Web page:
*Please join us in welcoming our newest Bierkast writer, Røark Adeline! Røark manages social media for Craft and Folk Art Museum. His background lies heavily in continental philosophy, fine art, and baseball analytics. He is particularly enamored of malty IPAs and developed an unhealthy attachment to Stone’s 15th Anniversary black IPA. Twitter knows him as @RoarkAdeline.”
A belief that needs little championing is the one that recognizes the consumption of beer as among the greatest pleasures humans can enjoy. To this end, those who pursue the sustained pleasure existing in beer consumption will likely turn to contemplation. Such contemplation might include thoughts like, “I have devised a hierarchy of type through which I will seek further bounties of pleasure.” Or, “I affirm my sense of self according to judgements of taste that I have created the parameters of.” But what this post concerns itself with is the contemplation that might say, “While the consumption of beer is one of the greatest parts of living, living cannot only be about consumption. I now wish to use visual mediums to make my expressions more perfect.”
Concerning The Will To Perfect Said Visual Expression
Cultivating taste in beer can easily follow a linear trajectory. Following a whim or listening to the advice of a pretentious friend can lead to buying a bottle of Dead Guy at a Ralphs in a terrible suburb. Drinking that same Dead Guy by the bottle around a midnight bonfire composed entirely of self-starting logs and trash isn’t dignified, but it is an introduction. The person who has such an experience could very easily stand (perhaps some three years later) in a goddamned four hour line for 4.5 ounces of Pliny the Younger. The steady incline in the graph that represents fanaticism rarely relates well to the one that represents dignity.
It is in the interest of both preserving dignity and cultivating fanaticism, that thoughts of beer kitsch are bred. These thoughts run in concert with the other contemplations, like contemplating what percentage of one’s monthly earnings should reasonably go toward beer, and evaluating things like “mouthfeel.”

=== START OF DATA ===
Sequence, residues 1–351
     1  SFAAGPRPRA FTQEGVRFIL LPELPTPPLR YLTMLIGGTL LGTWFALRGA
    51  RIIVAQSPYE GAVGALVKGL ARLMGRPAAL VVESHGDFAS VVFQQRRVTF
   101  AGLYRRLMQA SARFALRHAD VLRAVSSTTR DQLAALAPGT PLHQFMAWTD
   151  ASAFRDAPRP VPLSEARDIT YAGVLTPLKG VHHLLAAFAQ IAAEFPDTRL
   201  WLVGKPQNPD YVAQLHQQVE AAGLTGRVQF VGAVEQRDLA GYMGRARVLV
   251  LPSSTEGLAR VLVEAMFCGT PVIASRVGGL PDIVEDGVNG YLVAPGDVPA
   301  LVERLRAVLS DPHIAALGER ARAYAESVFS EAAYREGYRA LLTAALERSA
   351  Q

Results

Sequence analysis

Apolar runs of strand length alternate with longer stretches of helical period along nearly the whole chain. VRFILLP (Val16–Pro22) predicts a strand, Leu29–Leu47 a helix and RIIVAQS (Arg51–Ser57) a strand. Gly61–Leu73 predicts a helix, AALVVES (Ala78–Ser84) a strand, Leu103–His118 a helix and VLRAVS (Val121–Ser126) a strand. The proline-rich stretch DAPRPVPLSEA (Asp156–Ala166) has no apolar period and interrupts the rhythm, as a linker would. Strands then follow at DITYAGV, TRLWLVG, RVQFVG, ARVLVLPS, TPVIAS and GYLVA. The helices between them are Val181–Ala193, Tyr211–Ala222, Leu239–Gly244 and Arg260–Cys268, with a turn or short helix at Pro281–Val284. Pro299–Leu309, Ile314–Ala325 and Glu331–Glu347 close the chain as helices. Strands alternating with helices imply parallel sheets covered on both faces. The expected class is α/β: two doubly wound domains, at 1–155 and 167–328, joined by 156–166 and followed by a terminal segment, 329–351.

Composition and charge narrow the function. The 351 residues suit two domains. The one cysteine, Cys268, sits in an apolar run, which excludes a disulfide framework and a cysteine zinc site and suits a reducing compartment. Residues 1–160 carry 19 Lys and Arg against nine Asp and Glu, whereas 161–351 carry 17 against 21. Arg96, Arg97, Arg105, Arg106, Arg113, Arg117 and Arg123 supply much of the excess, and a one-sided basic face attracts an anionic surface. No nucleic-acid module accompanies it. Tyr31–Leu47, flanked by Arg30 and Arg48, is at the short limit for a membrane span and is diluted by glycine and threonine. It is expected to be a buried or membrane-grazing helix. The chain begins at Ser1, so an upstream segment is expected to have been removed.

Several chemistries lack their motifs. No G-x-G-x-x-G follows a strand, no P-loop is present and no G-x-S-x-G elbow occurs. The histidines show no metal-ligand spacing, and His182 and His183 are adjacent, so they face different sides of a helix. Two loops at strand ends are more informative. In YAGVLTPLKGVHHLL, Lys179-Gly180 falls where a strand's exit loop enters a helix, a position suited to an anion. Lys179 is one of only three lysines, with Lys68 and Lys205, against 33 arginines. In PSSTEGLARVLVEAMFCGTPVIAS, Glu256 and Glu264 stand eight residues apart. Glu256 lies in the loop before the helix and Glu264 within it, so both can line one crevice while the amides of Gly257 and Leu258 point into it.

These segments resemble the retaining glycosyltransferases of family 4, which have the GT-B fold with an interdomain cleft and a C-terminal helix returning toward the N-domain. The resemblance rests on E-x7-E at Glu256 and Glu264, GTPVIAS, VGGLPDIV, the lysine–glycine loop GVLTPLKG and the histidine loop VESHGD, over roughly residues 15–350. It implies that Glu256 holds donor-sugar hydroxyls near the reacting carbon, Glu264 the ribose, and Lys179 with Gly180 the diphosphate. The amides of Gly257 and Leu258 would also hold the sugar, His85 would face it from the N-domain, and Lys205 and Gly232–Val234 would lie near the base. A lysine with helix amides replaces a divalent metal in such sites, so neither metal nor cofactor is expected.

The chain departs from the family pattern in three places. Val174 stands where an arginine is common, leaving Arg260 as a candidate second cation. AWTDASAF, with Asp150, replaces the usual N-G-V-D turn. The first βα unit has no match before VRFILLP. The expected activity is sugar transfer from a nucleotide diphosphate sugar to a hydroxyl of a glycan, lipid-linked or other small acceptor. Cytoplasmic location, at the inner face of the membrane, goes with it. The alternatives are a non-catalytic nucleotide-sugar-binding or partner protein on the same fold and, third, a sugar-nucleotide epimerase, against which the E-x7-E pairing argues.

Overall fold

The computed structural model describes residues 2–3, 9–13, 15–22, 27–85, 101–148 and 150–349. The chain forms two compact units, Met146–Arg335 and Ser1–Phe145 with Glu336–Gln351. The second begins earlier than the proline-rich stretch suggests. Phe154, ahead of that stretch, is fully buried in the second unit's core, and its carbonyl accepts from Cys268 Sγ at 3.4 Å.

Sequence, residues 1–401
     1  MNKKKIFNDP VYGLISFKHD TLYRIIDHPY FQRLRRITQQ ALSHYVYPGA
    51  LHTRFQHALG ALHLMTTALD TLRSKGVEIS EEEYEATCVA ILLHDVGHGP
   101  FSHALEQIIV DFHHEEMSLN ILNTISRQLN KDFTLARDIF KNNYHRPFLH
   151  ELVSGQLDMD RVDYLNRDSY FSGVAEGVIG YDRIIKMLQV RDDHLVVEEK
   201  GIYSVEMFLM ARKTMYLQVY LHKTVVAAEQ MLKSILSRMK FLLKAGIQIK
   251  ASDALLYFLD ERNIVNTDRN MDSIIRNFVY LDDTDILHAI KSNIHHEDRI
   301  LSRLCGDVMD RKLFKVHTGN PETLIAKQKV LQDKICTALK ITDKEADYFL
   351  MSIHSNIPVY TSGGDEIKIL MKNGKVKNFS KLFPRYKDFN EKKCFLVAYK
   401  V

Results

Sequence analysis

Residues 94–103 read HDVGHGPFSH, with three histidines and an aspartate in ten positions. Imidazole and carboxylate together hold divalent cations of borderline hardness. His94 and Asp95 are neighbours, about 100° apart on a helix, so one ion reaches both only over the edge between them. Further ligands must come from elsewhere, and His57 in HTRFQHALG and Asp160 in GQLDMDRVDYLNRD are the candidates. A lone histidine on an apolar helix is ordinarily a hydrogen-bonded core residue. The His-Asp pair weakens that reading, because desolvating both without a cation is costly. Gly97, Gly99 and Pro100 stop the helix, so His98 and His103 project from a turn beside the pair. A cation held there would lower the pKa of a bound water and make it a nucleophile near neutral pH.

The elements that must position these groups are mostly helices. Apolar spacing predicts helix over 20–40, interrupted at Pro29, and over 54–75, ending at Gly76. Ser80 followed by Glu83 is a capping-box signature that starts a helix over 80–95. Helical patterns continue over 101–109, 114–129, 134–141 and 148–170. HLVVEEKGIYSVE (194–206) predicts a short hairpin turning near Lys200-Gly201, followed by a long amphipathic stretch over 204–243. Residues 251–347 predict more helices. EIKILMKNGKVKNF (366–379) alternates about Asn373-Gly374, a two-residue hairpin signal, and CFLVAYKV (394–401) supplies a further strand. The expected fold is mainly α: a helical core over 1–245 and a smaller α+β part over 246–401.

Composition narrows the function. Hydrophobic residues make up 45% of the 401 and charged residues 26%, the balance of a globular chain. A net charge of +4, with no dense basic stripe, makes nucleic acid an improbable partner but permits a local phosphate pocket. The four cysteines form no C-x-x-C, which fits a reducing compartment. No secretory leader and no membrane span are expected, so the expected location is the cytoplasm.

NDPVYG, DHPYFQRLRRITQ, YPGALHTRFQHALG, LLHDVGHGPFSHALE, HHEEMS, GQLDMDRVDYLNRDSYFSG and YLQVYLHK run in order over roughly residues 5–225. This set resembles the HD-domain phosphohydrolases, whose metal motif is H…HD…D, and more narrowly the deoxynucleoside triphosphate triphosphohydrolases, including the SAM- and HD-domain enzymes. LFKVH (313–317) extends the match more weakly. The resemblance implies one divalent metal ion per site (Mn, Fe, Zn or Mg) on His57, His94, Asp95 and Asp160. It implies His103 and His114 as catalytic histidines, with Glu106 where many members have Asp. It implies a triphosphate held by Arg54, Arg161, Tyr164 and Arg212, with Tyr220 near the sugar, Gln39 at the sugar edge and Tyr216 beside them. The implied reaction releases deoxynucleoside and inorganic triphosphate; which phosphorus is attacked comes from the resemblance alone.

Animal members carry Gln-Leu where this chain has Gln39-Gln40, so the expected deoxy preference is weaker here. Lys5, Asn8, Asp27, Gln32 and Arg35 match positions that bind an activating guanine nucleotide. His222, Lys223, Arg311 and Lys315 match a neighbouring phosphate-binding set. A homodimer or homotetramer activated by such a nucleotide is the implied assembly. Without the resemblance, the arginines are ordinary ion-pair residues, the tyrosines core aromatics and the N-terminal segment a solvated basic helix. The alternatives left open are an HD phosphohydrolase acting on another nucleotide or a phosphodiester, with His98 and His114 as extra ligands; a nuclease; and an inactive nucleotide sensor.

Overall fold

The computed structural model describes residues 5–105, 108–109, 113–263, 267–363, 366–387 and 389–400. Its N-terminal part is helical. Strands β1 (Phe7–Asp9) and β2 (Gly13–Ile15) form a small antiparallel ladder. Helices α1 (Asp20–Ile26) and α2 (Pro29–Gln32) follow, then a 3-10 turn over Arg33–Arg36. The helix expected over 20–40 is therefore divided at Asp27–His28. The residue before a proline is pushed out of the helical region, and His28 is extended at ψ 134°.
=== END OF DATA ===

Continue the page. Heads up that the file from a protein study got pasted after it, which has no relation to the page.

Looking at kitsch as a mode of expression over a set of aesthetic principals is in essence a fragment of a will-to-become: begging for action while wrought with strife over how to act. This movement is not unlike the pursuit of perfect mouthfeel, as once entrenched in the pursuit it becomes harder to have general polite conversation. Blatant and literal messages are frequently accompanied by a singleminded obsessiveness. Attraction toward kitsch, is then, the most obvious and ubiquitous way to turn obsession into a visual end.
Like other forms of kitsch, beer kitsch is inherently representational. Being kitsch, it exists without ambiguity.
Outside of an extensive collection of bottles that sit atop the kitchen cabinet in the present author’s home, this hand painted sign is the only decorative expression of said author’s enjoyment of beer. (Not counted among the instruments of expression are a small collection of brewery-specific t-shirts and a body slightly more rotund than if the author were a water enthusiast.)
While this wooden vestige of Lord Wellington London Ales presumably served the economic purpose of encouraging England’s thirsty to partake of its product, it now does nothing of the like. It sits as a beautiful example of kitsch that appreciators of beer are prone to embellish their homes with.
The product is unfamiliar to the owner, and without provenance or knowledge of such an ale and/or establishment having existed, it is not a consequence of enjoyment or personal nostalgia that this sign occupies space in the author’s kitchen. In fact, if one were to imagine the sensation of drinking such an ale in the period that it was alive, it likely would invoke strong notes of musk and the sweaty armpit pumping a cask in a dank London tavern more than it would alcoholic delight.
Fans of fine art have a direct outlet for expressing such an interest, namely, the collection and presentation of same. Fans of sports teams can dress themselves in team-specific apparel and light the night with high-fives. Fans of beer can drink beer. They can also display strange relics of drinking eras long soured. They can display paraphernalia for products that don’t reflect the innovation or taste that cultivated their interest. They can indulge in kitsch that might actually reflect good taste.